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What Is It?  

Perimeter, Area, and Volume

Perimeter, area, and volume are measurements of geometric figures. Geometric figures can be defined by their attributes and properties.

Geometric Figures

Figure ABCD below is a quadrilateral. A quadrilateral is a polygon (a flat, closed, plane figure made up of three or more line segments called sides). A quadrilateral has four sides.

 

  • A point is an exact location in space.
  • A line can be drawn through any two points and goes on without end in both directions.
  • AB, AC, BD, and CD are line segments. A line segment is part of a line. It has two endpoints.
 

In the figure below, sides AB and CD are parallel. Parallel lines are always the same distance apart. Sides AC and CD are perpendicular to each other. Perpendicular lines are two lines that intersect to form a right angle.

 

  • AB is parallel to CD.
  • AC is perpendicular to CD.
  • BD meets CD at point D. These lines are called intersecting lines.
 

An angle is formed by two rays with a common endpoint. The common endpoint is the vertex.
 

  • A ray is part of a line having one endpoint and continuing without end in one direction.
  • ray DB and DC form timesBDC
 

This quadrilateral has four angles. The figure contains two right angles, one obtuse angle, and one acute angle. Angles are classified by their measure. A right angle forms a square corner. An obtuse angle is greater than a right angle. An acute angle is less than a right angle.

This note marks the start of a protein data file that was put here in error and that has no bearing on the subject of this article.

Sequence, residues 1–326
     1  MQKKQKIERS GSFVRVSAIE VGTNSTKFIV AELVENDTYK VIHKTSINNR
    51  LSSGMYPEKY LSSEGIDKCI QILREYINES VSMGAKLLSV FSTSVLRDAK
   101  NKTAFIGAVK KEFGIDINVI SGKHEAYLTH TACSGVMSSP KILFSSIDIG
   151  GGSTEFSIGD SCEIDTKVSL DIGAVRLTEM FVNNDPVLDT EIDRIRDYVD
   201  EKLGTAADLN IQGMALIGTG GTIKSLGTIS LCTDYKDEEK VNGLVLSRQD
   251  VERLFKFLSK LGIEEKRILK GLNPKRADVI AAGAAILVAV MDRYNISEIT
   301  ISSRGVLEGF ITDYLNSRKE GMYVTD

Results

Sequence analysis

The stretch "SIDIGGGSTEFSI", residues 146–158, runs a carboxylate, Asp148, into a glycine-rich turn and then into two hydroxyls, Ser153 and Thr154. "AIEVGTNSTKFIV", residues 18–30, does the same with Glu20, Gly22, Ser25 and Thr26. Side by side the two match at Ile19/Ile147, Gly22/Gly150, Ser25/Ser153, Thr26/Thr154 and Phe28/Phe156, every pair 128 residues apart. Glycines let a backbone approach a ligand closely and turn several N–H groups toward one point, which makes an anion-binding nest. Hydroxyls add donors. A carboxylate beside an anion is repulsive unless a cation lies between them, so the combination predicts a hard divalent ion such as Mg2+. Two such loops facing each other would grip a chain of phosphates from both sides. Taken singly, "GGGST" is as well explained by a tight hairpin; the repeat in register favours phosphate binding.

Some plane figures are symmetric. This quadrilateral has no line of symmetry. It cannot be folded so that two parts match exactly.

This circle has symmetry. The circle can be folded along the diameter. The diameter is a line of symmetry. When the circle is folded along the diameter, the circle is divided into two parts that match exactly. These matching parts are congruent. Figures are congruent if they have the same size and shape.

See the Common Polygons worksheet for the names, characteristics, and classification of common polygons. Also see Polygons and Solid Figures.

Measuring Geometric Figures

The distance around a plane figure can be measured. This distance is the perimeter of the figure. To find the perimeter of a polygon, add the lengths of the sides.

The perimeter is 18 feet.

Finding area is another way to measure a figure. Area is the number of square units needed to cover a figure. To find the area of a rectangle, count the number of square units or use a formula. Multiply the length (l) by the width (w) to find the area (A) of a rectangle.

To find the area of a complex figure, separate it into simpler figures, find the areas, and then add the areas together.


  Figures with the same perimeters can have different areas.

  Figures with the same area can have different perimeters.

  Volume is the number of cubic units that make up a solid figure. Different kinds of solid figures are shown below.

  The volume of a rectangular prism can be found by counting the number of cubic units or by using a formula. The formula for finding the volume of a rectangular prism is V = l times w times h.

The volume of this rectangular prism is 30 cubic meters.

Another way to measure a solid figure is to find the surface area. Surface area is the sum of the areas of all the faces of the solid figure. Since opposite faces of rectangles or cubes have the same area, you can also multiply each area by 2 and then find the sum of the areas of the faces.

The surface area of this rectangular prism is 52 yd2.

Perimeter, area, volume, and surface area are measurements of geometric figures. Perimeter and area are measurements of plane figures and surface area and volume are measurements of solid figures.

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